Jake James: Blacksmith
The Iron Throne
CURATOR KARINA EASTWAY | INTERVIEW WITH JAKE JAMES | PHOTOS JAKE JAMES | COUNTRY CANADA
Jake James specialises in contemporary modern-design forged ironwork, but he knows that everytime he places a piece of steel into an intense flame, he is stepping back into a history which is almost as old as mankind itself.
An Englishman now living in Canada, Jake has two decades of award-winning work under his belt, and crafts forged metal not just into a finished product, but into a sensory experience.
WAS BLACKSMITHING SOMETHING YOU FOUND ACCIDENTALLY OR ALWAYS HAD A PASSION FOR?
I stumbled upon it mostly by accident after wanting to learn how to weld.
HOW DID YOU FIRST START IN THE CRAFT?
After discovering this was what I wanted to do I enrolled at the Hereford College in the UK to study blacksmithing and from there I spent three years with a master smith near Southampton, UK, then a couple more years as a journeyman before setting up my own forge in Canada.
DO YOU THINK SHOWS LIKE GAME OF THRONES AND VIKINGS ARE MAKING THE CRAFT MORE RECOGNISED AND ALSO POPULAR AS A MODERN ART FORM?
There has definitely been a rise in the popularity of certain elements of blacksmithing – blade and axe making have skyrocketed in the last few years and the current crop of TV shows have had a big impact
CAN YOU DESCRIBE THE PROCESS OF BLACKSMITHING FOR US AND WHAT’S YOUR FAVOURITE PART? Blacksmithing can be succinctly defined as the process of transforming the cross section of the material (most commonly steel) through the application of heat and pressure. What this generally means is heating steel in a furnace to around 1200 degrees Celsius and then hammering it into shape. For me the most enjoyable part is when you are at the anvil and that piece of material is responding to your hammer blows, while it is that hot the steel almost feels alive.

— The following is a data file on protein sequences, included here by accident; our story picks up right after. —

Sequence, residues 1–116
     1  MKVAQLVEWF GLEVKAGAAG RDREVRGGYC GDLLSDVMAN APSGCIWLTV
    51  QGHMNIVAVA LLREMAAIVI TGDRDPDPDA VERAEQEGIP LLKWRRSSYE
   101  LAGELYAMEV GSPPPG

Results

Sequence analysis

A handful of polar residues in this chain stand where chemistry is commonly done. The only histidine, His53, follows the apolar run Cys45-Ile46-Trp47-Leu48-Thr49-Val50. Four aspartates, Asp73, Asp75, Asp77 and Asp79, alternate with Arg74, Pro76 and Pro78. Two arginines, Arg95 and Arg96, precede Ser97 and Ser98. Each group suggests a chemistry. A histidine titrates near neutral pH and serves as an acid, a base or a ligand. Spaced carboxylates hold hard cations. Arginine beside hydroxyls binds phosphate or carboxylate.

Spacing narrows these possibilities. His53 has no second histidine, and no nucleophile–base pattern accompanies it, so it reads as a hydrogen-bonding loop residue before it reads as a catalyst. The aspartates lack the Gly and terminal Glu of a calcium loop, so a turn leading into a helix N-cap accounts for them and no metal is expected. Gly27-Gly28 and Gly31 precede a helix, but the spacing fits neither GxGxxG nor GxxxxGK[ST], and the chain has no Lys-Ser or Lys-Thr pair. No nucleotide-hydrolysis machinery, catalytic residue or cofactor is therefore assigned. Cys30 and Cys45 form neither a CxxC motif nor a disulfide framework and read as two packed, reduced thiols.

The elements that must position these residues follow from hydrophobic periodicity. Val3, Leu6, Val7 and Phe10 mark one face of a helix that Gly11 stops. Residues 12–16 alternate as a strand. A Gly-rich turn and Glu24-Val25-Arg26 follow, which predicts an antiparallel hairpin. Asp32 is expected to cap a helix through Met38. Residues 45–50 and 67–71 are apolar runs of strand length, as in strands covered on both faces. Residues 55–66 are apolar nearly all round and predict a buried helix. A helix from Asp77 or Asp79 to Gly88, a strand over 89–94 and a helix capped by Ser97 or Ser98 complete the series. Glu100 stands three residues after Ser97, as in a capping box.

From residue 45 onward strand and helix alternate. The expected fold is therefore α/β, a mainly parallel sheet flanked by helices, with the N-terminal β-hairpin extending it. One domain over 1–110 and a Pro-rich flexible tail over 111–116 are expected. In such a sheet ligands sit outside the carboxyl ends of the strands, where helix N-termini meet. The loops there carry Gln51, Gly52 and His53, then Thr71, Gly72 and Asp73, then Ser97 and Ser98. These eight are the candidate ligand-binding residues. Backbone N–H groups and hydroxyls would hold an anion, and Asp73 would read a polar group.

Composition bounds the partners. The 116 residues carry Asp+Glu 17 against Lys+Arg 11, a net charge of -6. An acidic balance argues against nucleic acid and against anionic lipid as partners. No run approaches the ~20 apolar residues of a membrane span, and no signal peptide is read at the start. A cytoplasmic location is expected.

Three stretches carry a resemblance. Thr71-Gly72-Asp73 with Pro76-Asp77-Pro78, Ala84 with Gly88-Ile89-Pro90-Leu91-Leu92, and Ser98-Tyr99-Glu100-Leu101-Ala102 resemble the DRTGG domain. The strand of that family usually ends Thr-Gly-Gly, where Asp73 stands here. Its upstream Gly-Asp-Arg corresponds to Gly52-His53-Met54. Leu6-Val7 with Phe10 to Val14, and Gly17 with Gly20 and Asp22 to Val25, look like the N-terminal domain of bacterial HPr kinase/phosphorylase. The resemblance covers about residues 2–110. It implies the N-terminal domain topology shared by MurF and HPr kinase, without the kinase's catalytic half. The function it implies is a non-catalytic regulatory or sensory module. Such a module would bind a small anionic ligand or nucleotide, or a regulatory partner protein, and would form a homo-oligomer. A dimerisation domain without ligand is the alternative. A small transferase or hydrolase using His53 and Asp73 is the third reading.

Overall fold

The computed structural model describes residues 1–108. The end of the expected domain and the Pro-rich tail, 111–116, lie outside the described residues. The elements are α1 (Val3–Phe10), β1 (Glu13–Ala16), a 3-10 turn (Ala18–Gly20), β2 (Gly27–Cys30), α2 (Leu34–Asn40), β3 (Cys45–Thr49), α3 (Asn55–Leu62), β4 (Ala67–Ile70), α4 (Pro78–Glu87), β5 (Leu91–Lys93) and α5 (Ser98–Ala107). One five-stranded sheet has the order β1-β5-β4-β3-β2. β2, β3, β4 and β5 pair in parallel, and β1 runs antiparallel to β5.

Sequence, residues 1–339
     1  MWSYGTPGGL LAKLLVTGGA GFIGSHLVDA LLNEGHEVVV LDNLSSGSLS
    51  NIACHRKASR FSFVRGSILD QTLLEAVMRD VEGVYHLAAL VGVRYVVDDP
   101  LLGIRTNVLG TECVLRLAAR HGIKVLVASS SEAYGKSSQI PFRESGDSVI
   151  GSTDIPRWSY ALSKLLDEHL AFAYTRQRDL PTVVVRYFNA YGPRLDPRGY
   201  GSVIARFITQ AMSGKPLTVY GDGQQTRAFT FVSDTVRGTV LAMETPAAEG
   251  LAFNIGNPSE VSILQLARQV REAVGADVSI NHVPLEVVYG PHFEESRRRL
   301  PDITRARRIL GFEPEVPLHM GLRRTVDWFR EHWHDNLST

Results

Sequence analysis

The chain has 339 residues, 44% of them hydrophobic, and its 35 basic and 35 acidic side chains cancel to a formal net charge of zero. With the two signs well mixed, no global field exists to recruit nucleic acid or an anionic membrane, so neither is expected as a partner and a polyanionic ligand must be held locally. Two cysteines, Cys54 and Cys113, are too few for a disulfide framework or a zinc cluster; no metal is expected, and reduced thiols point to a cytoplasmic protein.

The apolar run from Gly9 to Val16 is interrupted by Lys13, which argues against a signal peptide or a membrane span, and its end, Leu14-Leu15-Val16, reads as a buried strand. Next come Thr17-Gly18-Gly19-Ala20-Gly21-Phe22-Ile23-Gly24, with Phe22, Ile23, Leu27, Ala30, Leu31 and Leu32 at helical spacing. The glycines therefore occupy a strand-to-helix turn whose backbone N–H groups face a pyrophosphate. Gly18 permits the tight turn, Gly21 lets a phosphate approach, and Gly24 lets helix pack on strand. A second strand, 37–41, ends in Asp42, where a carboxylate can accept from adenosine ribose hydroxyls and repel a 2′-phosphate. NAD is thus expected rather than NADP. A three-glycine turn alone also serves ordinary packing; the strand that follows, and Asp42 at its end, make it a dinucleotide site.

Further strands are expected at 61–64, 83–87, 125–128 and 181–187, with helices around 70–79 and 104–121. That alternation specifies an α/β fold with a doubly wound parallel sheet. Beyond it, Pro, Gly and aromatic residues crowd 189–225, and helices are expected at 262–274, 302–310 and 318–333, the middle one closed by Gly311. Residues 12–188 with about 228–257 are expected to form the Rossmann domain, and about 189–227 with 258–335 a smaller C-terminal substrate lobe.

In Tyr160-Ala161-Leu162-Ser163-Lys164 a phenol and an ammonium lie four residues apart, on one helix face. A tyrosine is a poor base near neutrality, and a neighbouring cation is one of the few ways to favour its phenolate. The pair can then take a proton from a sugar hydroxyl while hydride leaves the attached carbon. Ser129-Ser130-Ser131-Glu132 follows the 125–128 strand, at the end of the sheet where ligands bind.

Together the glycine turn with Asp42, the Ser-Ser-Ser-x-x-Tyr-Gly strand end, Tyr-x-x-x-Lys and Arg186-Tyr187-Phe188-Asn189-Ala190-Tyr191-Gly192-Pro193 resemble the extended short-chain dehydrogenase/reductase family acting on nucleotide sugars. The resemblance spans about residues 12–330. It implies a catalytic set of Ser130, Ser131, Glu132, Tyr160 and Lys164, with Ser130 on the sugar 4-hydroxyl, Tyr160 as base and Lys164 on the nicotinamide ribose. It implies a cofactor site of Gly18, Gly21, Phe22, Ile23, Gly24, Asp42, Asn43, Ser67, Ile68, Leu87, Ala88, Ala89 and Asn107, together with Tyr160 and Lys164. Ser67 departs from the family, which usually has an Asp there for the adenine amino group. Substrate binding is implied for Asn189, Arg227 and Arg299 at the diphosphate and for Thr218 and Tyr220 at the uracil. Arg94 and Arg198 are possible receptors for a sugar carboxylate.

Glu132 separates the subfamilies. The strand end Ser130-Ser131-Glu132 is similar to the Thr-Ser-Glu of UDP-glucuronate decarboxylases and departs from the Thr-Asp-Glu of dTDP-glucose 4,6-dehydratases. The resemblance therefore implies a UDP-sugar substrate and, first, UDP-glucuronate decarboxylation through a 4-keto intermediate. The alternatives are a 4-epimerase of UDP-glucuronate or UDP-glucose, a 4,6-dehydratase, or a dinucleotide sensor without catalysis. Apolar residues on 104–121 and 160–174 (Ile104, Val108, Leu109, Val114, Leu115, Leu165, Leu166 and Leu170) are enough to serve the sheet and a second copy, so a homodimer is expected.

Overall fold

ARE YOU A SPECIALIST IN ONE PARTICULAR AREA?
I’m probably best known for a very expressive and organic style of forging where I treat the steel much like plasticine and really push the material about to create heavily sculpted forms.
CAN YOU TELL US A LITTLE ABOUT THE TRADITION OF BLACKSMITHING?
Blacksmithing goes back thousands of years and across a huge number of cultures, so its traditions are too numerous to count. At its core though, the process of forging the metal remains the same as when it was first discovered, so in that sense every time you heat and work a piece of metal you are reaching back to some of the earliest traditions of mankind.
WHAT’S THE PIECE YOU’RE MOST PROUD OF?
I don’t know if I have made it yet!
CAN YOU GIVE US A LOCAL’S TIP FOR WHERE YOU LIVE?
Hike East Sooke Park (Vancouver, Canada), a beautiful coastal forest and a good chance to see whales from the trail.
WHERE IS YOUR FAVOURITE TRAVEL DESTINATION AND ON YOUR BUCKET LIST?
The south island of New Zealand holds very fond memories for me, I travelled there when I was 19. I don’t have a bucket list, but I never turn down opportunities to visit new places.
COULD WE GET A FINAL INSPIRATIONAL QUOTE FROM YOU?
From an idea, anything can be grown. From iron, anything can be forged.